If you have been the brave, attentive reader of The Reading Journal that I presume, you know that I am a big fan of Neal Stephenson. You can review most of his work in my review of (CRTL-Click on the link) Neal Stephenson.
Now, having said that, I did have trouble finishing his last effort, The Baroque Cycle, Stephenson's massive three-volume fantasy-cum-swashbuckler-political thriller-mathematics history lesson bounce through 18th century Western Europe. I ended my review of Stephenson with Volume 1 (which I loved) with the prophecy that Volume II was on its way and it was "probably worth it". Volume II was -- sort of. Volume III however, nearly killed me and by the time I had choked my way through it, I was done with Stephenson for a while. So, when Anathem came out to some terrific raves, I succumbed to the temptation and ordered both the book and the Kindle version. When this massive 935-page tome hit my mailbox I was convinced that Stephenson had caught a bad case of authorial-extension disorder -- that terribly debilitating malady that strikes some writers causing them to substitute volume for quality. Think of it as "Dickens Disease", though Dickens had an excuse -- he got paid by the word.
I hated the first 25 or so pages (perhaps it was the first 50 -- hard to tell on the Kindle) -- where Stephenson commits all the sins (as far as I am concerned) -- he introduces a whole new planet, a new language with new meanings but close enough to what you understand for it to be monumentally confusing; he gives things weird names (like in a bad sci-fi story); he spends pages describing arcane features of a society's architecture (this for me a torture - my ability to conceive of three-dimensional space is limited at best); and worse -- he begins to describe the integration of philosophy and meta-physics. To top it off, he introduces the novel with a review of a made up 7,000 year history and starts the reader off with trying to understand the practices of his made-up religious order. I was ready to throw in the towel.
But Stephenson is nothing if not a practiced artist, so I stuck with Anathem and I am glad that I did. Anatham finally succeeds for me in creating a different world in a different place. and the world of Fra Erasmus is very definitely different. The "mathic" world is separated from the "saecular" world. The world of higher math and philosophy has morphed into what we would see as quasi-religious orders - different orders with different orientations towards math, physics, and philosopy and the integration thereof. The orders live in a concent (co-ed monastery) and are removed and separate from the outside world. Stephenson ultimately succeeds in delivering these separate worlds/lives to us - thought the use of new words to describe things is always something akin to irritating.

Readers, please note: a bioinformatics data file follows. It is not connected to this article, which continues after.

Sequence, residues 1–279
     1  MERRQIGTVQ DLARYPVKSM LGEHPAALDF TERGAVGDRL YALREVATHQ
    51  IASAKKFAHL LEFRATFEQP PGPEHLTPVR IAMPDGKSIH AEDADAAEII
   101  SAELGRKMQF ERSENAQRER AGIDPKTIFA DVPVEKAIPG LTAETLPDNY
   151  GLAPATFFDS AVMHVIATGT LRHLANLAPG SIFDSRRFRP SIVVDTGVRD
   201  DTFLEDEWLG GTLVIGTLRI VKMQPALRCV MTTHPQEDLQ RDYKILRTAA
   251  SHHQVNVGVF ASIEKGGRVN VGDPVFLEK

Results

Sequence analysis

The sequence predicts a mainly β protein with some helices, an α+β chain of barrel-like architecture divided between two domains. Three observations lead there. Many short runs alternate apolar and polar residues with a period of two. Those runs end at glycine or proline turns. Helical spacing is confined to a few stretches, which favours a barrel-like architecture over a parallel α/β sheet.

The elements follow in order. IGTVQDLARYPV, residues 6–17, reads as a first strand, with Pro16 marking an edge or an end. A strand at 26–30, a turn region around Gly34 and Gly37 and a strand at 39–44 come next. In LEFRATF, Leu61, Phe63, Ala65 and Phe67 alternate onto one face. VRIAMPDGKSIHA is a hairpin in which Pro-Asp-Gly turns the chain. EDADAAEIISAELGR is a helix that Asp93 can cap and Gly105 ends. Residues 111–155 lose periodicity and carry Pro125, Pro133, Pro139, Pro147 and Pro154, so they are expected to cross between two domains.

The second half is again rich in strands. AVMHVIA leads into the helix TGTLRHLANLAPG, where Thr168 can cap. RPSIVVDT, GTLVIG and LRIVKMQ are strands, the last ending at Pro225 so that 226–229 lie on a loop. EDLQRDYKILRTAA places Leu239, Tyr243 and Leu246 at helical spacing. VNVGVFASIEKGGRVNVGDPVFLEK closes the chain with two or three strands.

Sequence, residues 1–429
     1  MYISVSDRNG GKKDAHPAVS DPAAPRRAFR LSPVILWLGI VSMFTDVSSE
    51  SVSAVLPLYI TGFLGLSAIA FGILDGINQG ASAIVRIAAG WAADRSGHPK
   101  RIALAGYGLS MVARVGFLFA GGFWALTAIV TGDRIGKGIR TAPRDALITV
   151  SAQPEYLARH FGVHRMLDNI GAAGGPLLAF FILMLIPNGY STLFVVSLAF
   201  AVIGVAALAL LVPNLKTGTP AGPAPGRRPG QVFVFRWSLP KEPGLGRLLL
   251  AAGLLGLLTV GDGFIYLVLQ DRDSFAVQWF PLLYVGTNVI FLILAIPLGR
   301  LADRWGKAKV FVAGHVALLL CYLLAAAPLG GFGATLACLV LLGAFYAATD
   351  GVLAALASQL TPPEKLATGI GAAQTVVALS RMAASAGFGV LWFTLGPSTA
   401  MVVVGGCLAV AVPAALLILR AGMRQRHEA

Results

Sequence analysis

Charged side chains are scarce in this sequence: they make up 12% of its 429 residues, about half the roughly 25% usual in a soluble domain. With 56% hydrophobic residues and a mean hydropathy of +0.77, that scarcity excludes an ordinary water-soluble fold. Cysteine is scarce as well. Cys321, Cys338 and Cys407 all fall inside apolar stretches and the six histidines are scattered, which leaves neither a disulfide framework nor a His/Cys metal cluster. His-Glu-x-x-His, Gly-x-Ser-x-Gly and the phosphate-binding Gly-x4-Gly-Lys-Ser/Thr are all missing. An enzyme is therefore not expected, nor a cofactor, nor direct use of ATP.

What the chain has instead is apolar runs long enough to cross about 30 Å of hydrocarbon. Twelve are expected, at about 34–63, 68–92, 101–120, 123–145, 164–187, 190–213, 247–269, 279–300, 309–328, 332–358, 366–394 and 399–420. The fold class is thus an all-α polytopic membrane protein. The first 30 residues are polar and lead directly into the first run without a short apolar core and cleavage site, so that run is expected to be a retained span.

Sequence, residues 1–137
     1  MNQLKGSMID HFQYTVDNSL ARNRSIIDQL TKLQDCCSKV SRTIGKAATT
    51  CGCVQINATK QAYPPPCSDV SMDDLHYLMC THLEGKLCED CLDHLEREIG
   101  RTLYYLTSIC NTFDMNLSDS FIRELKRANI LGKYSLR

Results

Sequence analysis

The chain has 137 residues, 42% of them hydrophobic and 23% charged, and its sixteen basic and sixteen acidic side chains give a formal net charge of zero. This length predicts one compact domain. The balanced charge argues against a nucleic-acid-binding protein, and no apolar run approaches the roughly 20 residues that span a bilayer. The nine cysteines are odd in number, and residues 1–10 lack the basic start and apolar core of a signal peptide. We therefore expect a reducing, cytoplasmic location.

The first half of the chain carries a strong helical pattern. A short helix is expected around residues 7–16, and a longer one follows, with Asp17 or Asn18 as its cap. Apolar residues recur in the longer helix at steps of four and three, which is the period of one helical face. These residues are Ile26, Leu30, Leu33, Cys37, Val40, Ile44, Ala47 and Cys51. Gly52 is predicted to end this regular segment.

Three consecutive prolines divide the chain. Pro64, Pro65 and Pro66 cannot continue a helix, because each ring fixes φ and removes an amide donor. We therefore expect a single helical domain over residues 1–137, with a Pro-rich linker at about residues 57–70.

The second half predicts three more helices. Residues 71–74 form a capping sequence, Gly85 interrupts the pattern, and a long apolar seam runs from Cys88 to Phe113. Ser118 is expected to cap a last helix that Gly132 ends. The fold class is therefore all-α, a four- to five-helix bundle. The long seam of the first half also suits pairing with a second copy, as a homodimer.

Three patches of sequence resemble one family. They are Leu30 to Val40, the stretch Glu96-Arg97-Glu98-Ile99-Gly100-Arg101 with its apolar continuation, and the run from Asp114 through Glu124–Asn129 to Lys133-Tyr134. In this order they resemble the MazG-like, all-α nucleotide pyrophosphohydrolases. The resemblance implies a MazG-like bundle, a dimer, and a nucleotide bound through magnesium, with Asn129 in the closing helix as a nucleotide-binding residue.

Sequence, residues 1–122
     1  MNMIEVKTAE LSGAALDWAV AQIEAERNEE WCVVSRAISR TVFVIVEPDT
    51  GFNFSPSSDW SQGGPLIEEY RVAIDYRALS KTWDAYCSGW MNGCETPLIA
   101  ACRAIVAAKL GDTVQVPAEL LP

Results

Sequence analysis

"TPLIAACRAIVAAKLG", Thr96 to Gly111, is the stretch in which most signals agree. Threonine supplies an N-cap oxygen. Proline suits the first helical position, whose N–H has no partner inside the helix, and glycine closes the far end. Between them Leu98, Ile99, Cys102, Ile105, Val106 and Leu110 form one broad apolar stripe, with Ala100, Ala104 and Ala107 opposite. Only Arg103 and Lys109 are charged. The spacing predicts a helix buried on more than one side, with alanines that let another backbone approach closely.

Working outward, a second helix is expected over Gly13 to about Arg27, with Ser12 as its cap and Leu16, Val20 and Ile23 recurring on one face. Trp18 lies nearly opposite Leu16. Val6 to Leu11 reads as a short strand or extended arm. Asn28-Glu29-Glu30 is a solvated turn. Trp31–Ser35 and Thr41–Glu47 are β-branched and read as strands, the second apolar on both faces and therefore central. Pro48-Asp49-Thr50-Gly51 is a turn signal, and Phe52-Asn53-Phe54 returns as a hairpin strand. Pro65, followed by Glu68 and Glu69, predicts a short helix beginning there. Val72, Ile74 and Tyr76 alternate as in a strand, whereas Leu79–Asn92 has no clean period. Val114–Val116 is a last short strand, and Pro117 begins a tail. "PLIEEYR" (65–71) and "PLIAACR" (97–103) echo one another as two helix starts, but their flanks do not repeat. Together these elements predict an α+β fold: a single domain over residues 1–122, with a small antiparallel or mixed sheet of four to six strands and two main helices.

Once every 10 years (or once every 1, 10, 100, or 1,000 years depending on which "order" you belong to) the concent is opened for 10 days and the "mathic" and "saecular" worlds are allowed to co-mingle. It is on the eve of one such 10 year "apert" that our story begins and we get to know Fra Erasmus.
Fra Erasumus was "collected" to the order 10 years ago as a child - and now as a teenager he is about to get his first look in a decade at the world he left behind. It is the beginning of a grand adventure - one that puts him, his friends, his order, and his world in the midst of a global drama with potentially cataclysmic consequences. It is Stephenson's skill as both a story-teller, researcher, and futurist that kept me engaged and interested (after I got through the architecture) and after a while, I was simply fascinated.
Like his work in The Diamond Age, Stephenson is a master at combining history and future - creating a world at the same time familiar and wildly different, combining real science with science-fiction, and creating characters that we can identify with mostly - but not totally. Anathem turns out to be a terrific mystery story, an intriguing exploration of philosophy and mathematics, a pretty cool sci-fi concept (or perhaps more than one) with good dialogue, real humor and warmth, and some decent action. Also, it contains a couple of really good twists that are both entertaining and surprising.
Warning - you must be patient -- this story takes a while to grab you. Now, to be honest, if you don't like sci-fi, or have no interest in math, science or philosphy you might find Anathem to be dull and uninteresting. A number of other reviews have remarked that Stephenson is not for everybody and that is certainly true. But if you liked The Diamond Age, Cryptonomicon or are a big fan of William Gibson or perhaps even Larry Niven (e.g., Ringworld), give Anathem and Neal Stephenson a try.